Written by Simon Oliver
Art by Moritat and Andre Szymanowicz
Published by DC Comics
Release Date: August 24, 2016
After a Rebirth special that dotted all the i’s and crossed all the t’s for classic Hellblazer fans, Simon Oliver and Moritat chart a course that draws on the legacy and values of Jamie Delano’s inaugural run to make sense of the twisted political realities we find ourselves enmeshed in.
It’s a curious element of the current cultural zeitgeist that World War I appears to be returning to the forefront in the near future through Wonder Woman and Dunkirk, and it’s a tide that Simon Oliver and Moritat find themselves swept up by as they open the issue on the day of Archduke Ferdinand’s assassination.
We’re introduced to Marid and Adnan, likely angels who scuffle over whether or not to intervene in the act of violence that plunged Europe and much of the world besides into the the bloodiest century in human history.
Oliver returns to Republican presidential nominee Donald Trump as a target as he narrates the bloody flow of history that emanated from the Archduke’s assassination, describing Hitler as a figure who rose to power on the promise to “make Germany great again,” an obtuse reference to Trump’s campaign slogan. Oliver has little time for subtlety in his political allegory, recalling George Carlin’s pronouncement “I like moving in and really hurting them. I don’t like this let’s be cute and let’s be clever. That’s the only way to take care of them.”
It’s a philosophy shared by the majority of iconic Hellblazer writers, especially on the topic of racism and ethnic cleansing in both Europe and the United States as confronted by Jamie Delano, Garth Ennis, and Brian Azzarello over the years and a key way in which Simon Oliver is stepping up to join that legacy.
The meat of the issue concerns itself with Swamp Thing calling in a favor to track down his lover Abby, replete with references to the time that Constantine lent out his body so that the pair could have conventional sex together. That particular exchanged happened at the height of Constantine’s conflict with Nergal, which may or may not be pointing the way to his return to the pages of Hellblazer given the number of references to events concurrent with his time as Constantine’s most iconic enemy.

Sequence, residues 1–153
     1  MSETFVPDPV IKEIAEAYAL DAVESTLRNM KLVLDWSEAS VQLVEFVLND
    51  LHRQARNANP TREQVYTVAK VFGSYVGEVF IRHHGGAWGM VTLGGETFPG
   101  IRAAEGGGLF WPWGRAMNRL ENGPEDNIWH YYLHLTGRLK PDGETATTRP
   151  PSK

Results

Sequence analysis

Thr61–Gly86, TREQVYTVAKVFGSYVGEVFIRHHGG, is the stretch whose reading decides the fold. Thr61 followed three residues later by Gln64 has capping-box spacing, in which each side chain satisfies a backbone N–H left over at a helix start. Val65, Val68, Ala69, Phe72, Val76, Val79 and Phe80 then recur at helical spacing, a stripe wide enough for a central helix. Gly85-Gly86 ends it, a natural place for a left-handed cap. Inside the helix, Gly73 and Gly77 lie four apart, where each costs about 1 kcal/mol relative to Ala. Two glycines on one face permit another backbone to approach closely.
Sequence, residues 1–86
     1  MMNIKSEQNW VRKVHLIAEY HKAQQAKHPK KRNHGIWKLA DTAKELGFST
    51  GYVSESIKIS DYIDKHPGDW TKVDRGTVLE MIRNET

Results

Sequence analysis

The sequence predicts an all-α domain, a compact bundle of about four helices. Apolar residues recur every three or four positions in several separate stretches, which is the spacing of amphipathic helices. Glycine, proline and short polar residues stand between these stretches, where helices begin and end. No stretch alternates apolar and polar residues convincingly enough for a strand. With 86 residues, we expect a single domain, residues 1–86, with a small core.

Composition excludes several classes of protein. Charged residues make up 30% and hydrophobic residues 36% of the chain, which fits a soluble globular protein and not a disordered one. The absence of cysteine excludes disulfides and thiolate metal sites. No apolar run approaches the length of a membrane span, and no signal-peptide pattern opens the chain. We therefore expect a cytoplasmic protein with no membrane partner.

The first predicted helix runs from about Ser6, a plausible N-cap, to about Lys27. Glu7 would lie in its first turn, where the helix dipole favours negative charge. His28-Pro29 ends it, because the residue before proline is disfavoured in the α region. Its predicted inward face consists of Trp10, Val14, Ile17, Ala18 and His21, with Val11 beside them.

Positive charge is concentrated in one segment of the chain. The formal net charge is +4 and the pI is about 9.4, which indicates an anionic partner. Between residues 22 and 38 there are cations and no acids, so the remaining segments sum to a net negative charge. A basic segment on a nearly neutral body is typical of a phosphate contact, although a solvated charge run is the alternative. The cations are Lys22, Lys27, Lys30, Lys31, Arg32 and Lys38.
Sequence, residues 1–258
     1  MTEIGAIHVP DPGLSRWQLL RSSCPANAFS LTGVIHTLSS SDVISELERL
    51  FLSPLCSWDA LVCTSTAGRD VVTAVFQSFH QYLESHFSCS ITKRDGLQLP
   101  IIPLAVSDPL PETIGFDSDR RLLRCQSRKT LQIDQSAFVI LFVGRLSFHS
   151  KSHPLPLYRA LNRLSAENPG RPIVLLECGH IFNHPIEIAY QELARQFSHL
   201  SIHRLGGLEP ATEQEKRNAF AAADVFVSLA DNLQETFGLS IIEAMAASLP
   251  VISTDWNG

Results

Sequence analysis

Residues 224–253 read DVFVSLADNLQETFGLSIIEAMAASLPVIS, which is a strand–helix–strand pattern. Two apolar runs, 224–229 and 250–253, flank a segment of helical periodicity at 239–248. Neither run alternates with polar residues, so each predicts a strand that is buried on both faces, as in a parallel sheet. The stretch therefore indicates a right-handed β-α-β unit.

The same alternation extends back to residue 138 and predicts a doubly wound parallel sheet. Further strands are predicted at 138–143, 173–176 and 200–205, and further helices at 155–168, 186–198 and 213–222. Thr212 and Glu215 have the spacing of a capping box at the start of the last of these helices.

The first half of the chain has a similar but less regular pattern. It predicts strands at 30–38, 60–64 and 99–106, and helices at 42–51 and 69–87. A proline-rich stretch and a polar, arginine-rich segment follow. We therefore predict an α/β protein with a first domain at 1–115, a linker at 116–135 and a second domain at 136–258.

Either way, the issue remains rooted both thematically and historically in the era with Mercury reviving Constantine’s habit of bringing misery to the people around him and forcing them to take on the moral weight of his actions like he did to her in the Rebirth special.
Chas picks up on the fact that much has been left unsaid about Constantine’s trip to New York, drawing together his reaction to Mercury’s reminder of having been a child when she first encountered Constantine and the demon’s invocation of the Newcastle incident. Constantine remains mum about what exactly happened during his American sojourn, cryptically suggesting that its the things people don’t do that haunt them the most.
This draws us back to Marid and Adnan reunited in the present to discuss the repercussions of allowing the assassination of the Archduke to transpire. In the intervening time Marid has come to believe that Adnan was right to stop him. While Marid believes that it was necessary to remain undetected by humankind and the Creator alike, Adnan takes the ensuing war and genocide to mean that the Creator is an impassive and uninvolved force, leading him to believe that humanity needs a strong hand to control it rather than the benevolent influence presence advocated by Marid.
It’s a basic philosophical dispute that winds its way back to the enlightenment and the likes of Thomas Hobbes, whose interpretation of the events of the English Civil War was to advocate for absolute monarchy, but finds a specific contemporary relevance in western flirtations with fascism.
Beyond that, the dispute between the angels and John’s more intimate musings draw together a broader debate about the moral imperatives that drive intervention and inaction from the widest geopolitical scope to the narrowest personal one. The immediate clarity and unity of the major themes in play is one of Oliver’s biggest strengths and one that will serve him well as the arc progresses.
For the most part, Moritat and colorist Andre Szymanowicz stick close to the crisp, dynamic cartooning and moody lettering that defined their debut effort, finding similar success here.
Moritat is clearly at home in Hellblazer, delivering the sharpest and most precise of his recent DC work, but the true standout this issue are the small details like the bits of Picasso’s Guernica he works into the splash page evoking the massive violence of the first half of the twentieth century.
With its second issue, Hellblazer improbably stakes a claim for being the title that reflects the ethos of the Rebirth initiative the most effectively by finding ways to call back to the virtues of the title’s most iconic stories while remaining fresh and relevant to the world it finds itself in now.
The Verdict: 9.0/10